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Why Tongass National Forest is important? How Trump's move to lift protections impacts US' last climate sanctuary

Referred to by experts as the 'lungs of North America', it is the largest national forest of the US and the world's largest intact temperate rainforest
(Getty Images)
(Getty Images)

For nearly two decades, much of Alaska's Tongass National Forest — the world’s largest intact temperate rainforest — was protected from logging and road construction by the 2001 Roadless Rule. Referred to by experts as the "lungs of North America", safeguards were put in place by former President Bill Clinton. Now, the Trump administration has announced that Tongass will be exempt from this rule and will lift protections.

This implies that logging companies can legally build roads and cut timber throughout the over 9.3 million acres of forest. "The US Department of Agriculture (USDA) is adopting a final rule to exempt the Tongass National Forest from the 2001 Roadless Area Conservation Rule (2001 Roadless Rule), which prohibits timber harvest and road construction/reconstruction with limited exceptions within designated inventoried roadless areas," says the notice issued by the USDA.

"While tropical rainforests are the lungs of the planet, the Tongass is the lungs of North America. It’s America's last climate sanctuary," Dominick DellaSala, chief scientist with the Earth Island Institute’s Wild Heritage project, told The Washington Post.

When was Tongass created?

it was established in 1907 by an executive order issued by President Theodore Roosevelt. A formal legislation declaring it a national forest was signed into law in 1909. The forest was named for a Tlingit Indian group, according to Britannica. 

What is its significance?

At approximately 17 million acres, Tongass is America's largest national forest and covers most of Southeast Alaska, surrounding the famous "Inside Passage" and offers unique chances to view eagles, bears, spawning salmon and the breathtaking vistas of "wild" Alaska.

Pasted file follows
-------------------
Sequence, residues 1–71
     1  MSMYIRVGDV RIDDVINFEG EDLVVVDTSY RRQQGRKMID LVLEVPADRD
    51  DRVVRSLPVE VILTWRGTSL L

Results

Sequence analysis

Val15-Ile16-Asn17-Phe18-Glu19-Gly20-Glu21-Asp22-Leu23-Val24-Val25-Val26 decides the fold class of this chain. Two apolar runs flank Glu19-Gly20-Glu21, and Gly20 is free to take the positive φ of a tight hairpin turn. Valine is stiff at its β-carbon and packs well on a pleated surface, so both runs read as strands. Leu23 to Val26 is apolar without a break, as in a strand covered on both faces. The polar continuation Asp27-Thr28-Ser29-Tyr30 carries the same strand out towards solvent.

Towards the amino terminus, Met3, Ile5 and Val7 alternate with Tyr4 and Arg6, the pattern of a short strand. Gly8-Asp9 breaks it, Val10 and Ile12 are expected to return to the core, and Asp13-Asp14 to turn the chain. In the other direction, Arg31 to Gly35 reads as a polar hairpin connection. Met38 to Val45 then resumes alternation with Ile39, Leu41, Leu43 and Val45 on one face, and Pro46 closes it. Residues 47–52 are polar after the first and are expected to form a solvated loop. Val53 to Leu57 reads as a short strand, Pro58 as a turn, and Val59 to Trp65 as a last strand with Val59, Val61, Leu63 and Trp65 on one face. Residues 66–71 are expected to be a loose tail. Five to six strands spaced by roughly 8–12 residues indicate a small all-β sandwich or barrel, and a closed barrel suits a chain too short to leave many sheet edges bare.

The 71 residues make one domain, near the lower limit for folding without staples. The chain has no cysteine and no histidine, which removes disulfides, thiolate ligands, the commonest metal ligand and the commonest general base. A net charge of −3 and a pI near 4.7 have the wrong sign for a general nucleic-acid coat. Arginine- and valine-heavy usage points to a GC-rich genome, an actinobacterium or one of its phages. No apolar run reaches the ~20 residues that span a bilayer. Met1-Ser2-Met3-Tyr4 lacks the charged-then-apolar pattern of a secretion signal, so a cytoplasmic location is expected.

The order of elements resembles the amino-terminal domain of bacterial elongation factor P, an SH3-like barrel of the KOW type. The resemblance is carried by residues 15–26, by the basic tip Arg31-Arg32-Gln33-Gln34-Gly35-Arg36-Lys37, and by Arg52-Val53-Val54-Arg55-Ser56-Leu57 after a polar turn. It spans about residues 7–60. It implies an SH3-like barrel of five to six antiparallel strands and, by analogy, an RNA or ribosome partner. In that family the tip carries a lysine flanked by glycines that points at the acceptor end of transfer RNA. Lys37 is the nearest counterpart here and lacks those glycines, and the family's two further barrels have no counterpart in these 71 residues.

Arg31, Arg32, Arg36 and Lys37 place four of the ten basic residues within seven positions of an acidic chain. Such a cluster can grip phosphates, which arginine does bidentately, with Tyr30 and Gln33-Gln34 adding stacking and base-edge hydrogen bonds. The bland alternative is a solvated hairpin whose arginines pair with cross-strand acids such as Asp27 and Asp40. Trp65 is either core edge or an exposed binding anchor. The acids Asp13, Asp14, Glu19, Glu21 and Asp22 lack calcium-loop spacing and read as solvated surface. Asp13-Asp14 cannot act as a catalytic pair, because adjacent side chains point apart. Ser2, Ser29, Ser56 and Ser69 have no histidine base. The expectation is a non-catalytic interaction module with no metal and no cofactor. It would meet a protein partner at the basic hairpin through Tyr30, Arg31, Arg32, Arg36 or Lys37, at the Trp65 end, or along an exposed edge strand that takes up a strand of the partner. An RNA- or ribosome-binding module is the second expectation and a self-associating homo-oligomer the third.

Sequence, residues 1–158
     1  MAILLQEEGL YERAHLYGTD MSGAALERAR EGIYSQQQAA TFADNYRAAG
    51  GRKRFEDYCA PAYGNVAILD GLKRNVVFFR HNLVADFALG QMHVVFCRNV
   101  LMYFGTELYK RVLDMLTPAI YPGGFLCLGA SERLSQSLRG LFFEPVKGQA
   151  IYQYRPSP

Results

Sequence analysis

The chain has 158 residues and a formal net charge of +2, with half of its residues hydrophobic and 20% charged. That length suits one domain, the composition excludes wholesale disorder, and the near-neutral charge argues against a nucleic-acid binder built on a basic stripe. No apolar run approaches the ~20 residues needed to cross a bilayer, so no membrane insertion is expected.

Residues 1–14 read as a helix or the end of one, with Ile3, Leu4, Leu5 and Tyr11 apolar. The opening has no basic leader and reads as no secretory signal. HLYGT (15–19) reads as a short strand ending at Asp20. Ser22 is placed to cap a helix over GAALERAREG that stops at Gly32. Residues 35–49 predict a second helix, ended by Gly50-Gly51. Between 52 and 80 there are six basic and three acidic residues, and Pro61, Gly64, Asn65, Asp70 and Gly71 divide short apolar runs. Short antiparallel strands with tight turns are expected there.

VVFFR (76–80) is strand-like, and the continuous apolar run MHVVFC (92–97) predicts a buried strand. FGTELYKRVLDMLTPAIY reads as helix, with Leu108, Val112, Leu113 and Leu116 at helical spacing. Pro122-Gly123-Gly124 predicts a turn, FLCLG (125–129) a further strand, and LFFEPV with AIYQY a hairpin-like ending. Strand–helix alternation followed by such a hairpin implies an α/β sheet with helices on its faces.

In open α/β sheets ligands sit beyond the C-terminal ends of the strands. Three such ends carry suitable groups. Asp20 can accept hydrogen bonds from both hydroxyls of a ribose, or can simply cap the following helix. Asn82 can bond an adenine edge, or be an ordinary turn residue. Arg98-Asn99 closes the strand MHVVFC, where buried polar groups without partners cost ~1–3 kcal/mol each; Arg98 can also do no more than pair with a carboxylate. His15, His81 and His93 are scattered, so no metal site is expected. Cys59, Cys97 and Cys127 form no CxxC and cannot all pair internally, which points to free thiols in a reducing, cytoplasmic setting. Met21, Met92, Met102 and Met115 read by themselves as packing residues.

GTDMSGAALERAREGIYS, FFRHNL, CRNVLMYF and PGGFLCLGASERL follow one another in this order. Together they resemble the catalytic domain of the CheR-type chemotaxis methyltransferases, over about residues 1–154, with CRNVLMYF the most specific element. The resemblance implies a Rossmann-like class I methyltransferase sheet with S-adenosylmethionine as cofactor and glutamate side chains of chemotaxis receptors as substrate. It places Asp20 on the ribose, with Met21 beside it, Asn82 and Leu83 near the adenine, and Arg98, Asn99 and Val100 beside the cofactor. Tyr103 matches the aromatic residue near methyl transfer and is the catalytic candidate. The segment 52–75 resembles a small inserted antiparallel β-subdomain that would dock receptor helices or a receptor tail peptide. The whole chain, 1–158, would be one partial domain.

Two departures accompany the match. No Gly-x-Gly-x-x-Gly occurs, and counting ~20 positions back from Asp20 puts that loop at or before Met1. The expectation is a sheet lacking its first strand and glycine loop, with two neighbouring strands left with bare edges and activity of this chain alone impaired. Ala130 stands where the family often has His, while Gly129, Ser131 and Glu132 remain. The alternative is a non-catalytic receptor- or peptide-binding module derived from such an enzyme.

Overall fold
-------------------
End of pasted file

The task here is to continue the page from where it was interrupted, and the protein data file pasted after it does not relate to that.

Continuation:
"It's ironic that this administration is trying to tout this president's environmental record when (Donald Trump is) unwinding environmental safeguards all over the place. And lifting protections on the Tongass, the nation's flagship forest, is about the most egregious of all of them," Ken Rait, project director of the Pew Charitable Trust, who two decades ago helped win the protections that are being undone now, told The Guardian.

Much of the Tongass was protected from logging and road construction by the 2001 Roadless Rule. However, Tongass will now be exempt from this rule (Getty Images)

The Tongass National Forest consists of rain forests, glaciers and icefields, spectacular scenery, mountains, waterways and thousands of islands separated by straits and channels. It is teeming with life: over 400 species of terrestrial and marine wildlife, fish and shellfish abound. The Tongass also has many special places, from bear viewing areas to migratory bird stopover sites, glaciers and misty fjords to limestone caves and karsts, and millions of acres of wilderness. 

"Bordered by the Pacific Ocean on the west and the Coast Mountains and Canadian border on the east, the lush greenery of the Tongass National Forest spans 500 miles of Southeast Alaska. Comprising the largest intact temperate rainforest in the world, the Tongass is a place filled with islands and salmon streams, where towering mountains sweep down into thick old-growth forest and granite cliffs drop into deep fjords," describes USDA.

It further says, "At roughly the size of West Virginia, the Tongass National Forest is also the largest national forest in the US and home to approximately 70,000 people living in 32 communities, including the state capital, Juneau."

At nearly 5,756,000 acres, 19 wilderness areas account for approximately one-third of the forest. According to the Alaska Wilderness League, the Tongass is home to humpback and orca whales, otters, beavers, Alexander Archipelago wolves and some of the largest, densest concentrations of bald eagles found on the planet. It is also home to five species of salmon: king, red, silver, chum and pink.